Immigration reform is dead? Don’t tell that to President Barack Obama.
Even if an immigration deal is stalled in Congress, there are still plenty of reasons for the president to keep the issue in the spotlight.
Take fundraising, for example.
Immigration will be a central topic during a West Coast fundraising swing for Obama this week, the Associated Press reported. He made his pitch to donors on Sunday in Seattle, and will attend four fundraising events on Monday in San Francisco and Los Angeles.
He’s raising money for the Democratic National Committee and for House and Senate Democrats. That will come in handy for the midterm elections in 2014 and the presidential election in 2016. The House Democrats’ campaign committee has already targeted 17 Republican members over immigration reform.
But Obama isn’t alone in harnessing the immigration message for potential fundraising dollars.
Remember when Sen. Marco Rubio (R-Fla.) was selling immigration reform to the public early this year?
During the most intense period of the debate — the second quarter of 2013 — Rubio raised $3 million, a 31 percent increase from what he received during the first quarter, CNN reported.
Firing Up the Base
Showcasing his support for immigration reform appeals to Obama’s base voters, whom Democrats need to turn out in the 2014 midterm elections.
We all know Latinos strongly support immigration reform, but it’s not solely a Latino issue. As the nation’s fastest-growing ethnic group, Asian Americans have a lot to gain from immigration reform.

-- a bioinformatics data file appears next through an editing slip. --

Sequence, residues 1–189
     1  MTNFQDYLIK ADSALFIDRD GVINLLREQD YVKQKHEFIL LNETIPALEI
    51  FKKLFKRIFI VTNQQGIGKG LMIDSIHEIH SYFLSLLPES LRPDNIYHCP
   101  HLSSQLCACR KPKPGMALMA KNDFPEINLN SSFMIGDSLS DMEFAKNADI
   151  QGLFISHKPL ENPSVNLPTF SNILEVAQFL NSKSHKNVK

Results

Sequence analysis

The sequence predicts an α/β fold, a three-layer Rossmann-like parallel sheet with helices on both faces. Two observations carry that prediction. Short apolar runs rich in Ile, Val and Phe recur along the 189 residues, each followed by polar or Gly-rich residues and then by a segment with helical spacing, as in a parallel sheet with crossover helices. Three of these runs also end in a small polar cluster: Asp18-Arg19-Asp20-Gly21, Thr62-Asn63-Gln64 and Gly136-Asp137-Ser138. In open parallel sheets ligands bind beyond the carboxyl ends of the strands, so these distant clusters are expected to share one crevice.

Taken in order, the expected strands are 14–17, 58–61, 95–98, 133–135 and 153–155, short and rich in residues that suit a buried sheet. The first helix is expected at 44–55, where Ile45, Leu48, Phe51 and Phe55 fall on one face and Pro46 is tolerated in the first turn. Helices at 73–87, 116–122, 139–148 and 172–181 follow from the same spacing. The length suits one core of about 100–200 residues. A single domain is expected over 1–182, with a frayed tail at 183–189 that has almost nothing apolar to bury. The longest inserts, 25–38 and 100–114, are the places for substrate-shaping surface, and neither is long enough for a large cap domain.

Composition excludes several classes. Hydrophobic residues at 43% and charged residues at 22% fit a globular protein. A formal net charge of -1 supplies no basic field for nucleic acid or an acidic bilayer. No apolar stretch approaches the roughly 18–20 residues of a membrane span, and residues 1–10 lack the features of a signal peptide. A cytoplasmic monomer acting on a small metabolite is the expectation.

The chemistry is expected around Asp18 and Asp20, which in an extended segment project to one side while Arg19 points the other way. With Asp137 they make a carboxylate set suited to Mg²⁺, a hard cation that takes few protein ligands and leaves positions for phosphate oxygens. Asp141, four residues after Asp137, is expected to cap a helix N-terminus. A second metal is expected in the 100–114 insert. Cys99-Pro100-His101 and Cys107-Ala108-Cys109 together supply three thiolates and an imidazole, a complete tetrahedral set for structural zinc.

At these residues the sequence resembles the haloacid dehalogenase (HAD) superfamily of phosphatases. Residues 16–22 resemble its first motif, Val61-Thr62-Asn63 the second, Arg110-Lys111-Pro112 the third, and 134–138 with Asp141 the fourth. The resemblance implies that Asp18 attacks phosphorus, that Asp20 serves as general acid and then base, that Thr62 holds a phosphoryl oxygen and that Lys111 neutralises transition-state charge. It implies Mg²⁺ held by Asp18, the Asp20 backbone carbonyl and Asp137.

Asians have also drifted away from the Republican Party. Around three-quarters of Asian-American voters backed Obama in 2012. Although GOP rhetoric against immigration reform hasn’t been directed at Asians, many have felt turned off by the hostile tone of some in the party.
Obama is targeting his immigration pitch on Monday at Asian-Americans. He’s delivering his speech at the Betty Ong Chinese Recreation Center in San Francisco and the White House circulated a fact sheet detailing how reform could help Asian immigrants.
Distraction From Healthcare
Focusing on immigration reform gives Obama the chance to turn attention away from the flawed rollout of his signature healthcare law.
The president’s approval ratings plummeted to their lowest point ever amid the woes surrounding the Affordable Care Act. By highlighting a popular issue that his party has almost unanimously supported, the president is hoping to reverse that trend. He can also point a finger at Republicans for stalling the immigration push in Congress.
But momentum behind immigration reform has waned, and Obama has not come away unscathed. His approval on immigration reform is actually nine percentage points lower than his overall rating, according to a Pew Research Center poll. And his support among Latinos has fallen by double digits since the summer.
Although Democrats see immigration as a political winner against Republicans, that may not be the case if Obama receives pressure from his own party to act unilaterally to address the issue.
Jordan Fabian is Fusion's politics editor, writing about campaigns, Congress, immigration, and more. When he's not working, you can find him at the ice rink or at home with his wife, Melissa.